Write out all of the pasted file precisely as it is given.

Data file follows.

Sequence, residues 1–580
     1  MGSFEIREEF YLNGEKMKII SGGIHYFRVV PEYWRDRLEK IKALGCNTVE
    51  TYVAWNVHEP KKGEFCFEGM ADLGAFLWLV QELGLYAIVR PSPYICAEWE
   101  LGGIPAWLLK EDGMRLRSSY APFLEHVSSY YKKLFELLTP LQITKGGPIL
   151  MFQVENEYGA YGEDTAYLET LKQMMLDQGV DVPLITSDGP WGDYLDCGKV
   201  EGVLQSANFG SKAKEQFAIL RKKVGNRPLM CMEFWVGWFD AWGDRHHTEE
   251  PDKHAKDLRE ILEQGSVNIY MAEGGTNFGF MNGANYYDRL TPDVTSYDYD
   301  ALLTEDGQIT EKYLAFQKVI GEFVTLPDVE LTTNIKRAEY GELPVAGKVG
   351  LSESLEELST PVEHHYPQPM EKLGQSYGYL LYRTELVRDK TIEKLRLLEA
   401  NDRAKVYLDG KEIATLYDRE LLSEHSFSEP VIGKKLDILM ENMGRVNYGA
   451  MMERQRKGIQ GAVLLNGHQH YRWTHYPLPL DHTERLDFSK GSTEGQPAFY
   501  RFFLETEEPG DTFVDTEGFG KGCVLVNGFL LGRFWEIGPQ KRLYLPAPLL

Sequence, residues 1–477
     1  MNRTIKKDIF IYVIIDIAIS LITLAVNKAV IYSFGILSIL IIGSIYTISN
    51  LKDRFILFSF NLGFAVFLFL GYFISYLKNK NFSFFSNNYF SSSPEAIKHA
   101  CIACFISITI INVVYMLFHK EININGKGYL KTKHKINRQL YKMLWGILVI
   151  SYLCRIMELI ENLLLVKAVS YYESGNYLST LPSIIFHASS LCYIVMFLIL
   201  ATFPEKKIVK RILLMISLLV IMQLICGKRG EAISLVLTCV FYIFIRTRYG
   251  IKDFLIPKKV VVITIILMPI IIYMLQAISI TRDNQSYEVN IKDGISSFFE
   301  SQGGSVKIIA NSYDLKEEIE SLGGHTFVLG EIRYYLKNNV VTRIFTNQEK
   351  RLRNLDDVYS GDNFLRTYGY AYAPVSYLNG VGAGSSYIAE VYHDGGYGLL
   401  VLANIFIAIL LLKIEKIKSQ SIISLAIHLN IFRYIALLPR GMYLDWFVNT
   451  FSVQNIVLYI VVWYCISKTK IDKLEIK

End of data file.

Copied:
Sequence, residues 1–580
     1  MGSFEIREEF YLNGEKMKII SGGIHYFRVV PEYWRDRLEK IKALGCNTVE
    51  TYVAWNVHEP KKGEFCFEGM ADLGAFLWLV QELGLYAIVR PSPYICAEWE
   101  LGGIPAWLLK EDGMRLRSSY APFLEHVSSY YKKLFELLTP LQITKGGPIL
   151  MFQVENEYGA YGEDTAYLET LKQMMLDQGV DVPLITSDGP WGDYLDCGKV
   201  EGVLQSANFG SKAKEQFAIL RKKVGNRPLM CMEFWVGWFD AWGDRHHTEE
   251  PDKHAKDLRE ILEQGSVNIY MAEGGTNFGF MNGANYYDRL TPDVTSYDYD
   301  ALLTEDGQIT EKYLAFQKVI GEFVTLPDVE LTTNIKRAEY GELPVAGKVG
   351  LSESLEELST PVEHHYPQPM EKLGQSYGYL LYRTELVRDK TIEKLRLLEA
   401  NDRAKVYLDG KEIATLYDRE LLSEHSFSEP VIGKKLDILM ENMGRVNYGA
   451  MMERQRKGIQ GAVLLNGHQH YRWTHYPLPL DHTERLDFSK GSTEGQPAFY
   501  RFFLETEEPG DTFVDTEGFG KGCVLVNGFL LGRFWEIGPQ KRLYLPAPLL

Sequence, residues 1–477
     1  MNRTIKKDIF IYVIIDIAIS LITLAVNKAV IYSFGILSIL IIGSIYTISN
    51  LKDRFILFSF NLGFAVFLFL GYFISYLKNK NFSFFSNNYF SSSPEAIKHA
   101  CIACFISITI INVVYMLFHK EININGKGYL KTKHKINRQL YKMLWGILVI
   151  SYLCRIMELI ENLLLVKAVS YYESGNYLST LPSIIFHASS LCYIVMFLIL
   201  ATFPEKKIVK RILLMISLLV IMQLICGKRG EAISLVLTCV FYIFIRTRYG
   251  IKDFLIPKKV VVITIILMPI IIYMLQAISI TRDNQSYEVN IKDGISSFFE
   301  SQGGSVKIIA NSYDLKEEIE SLGGHTFVLG EIRYYLKNNV VTRIFTNQEK
   351  RLRNLDDVYS GDNFLRTYGY AYAPVSYLNG VGAGSSYIAE VYHDGGYGLL
   401  VLANIFIAIL LLKIEKIKSQ SIISLAIHLN IFRYIALLPR GMYLDWFVNT
   451  FSVQNIVLYI VVWYCISKTK IDKLEIK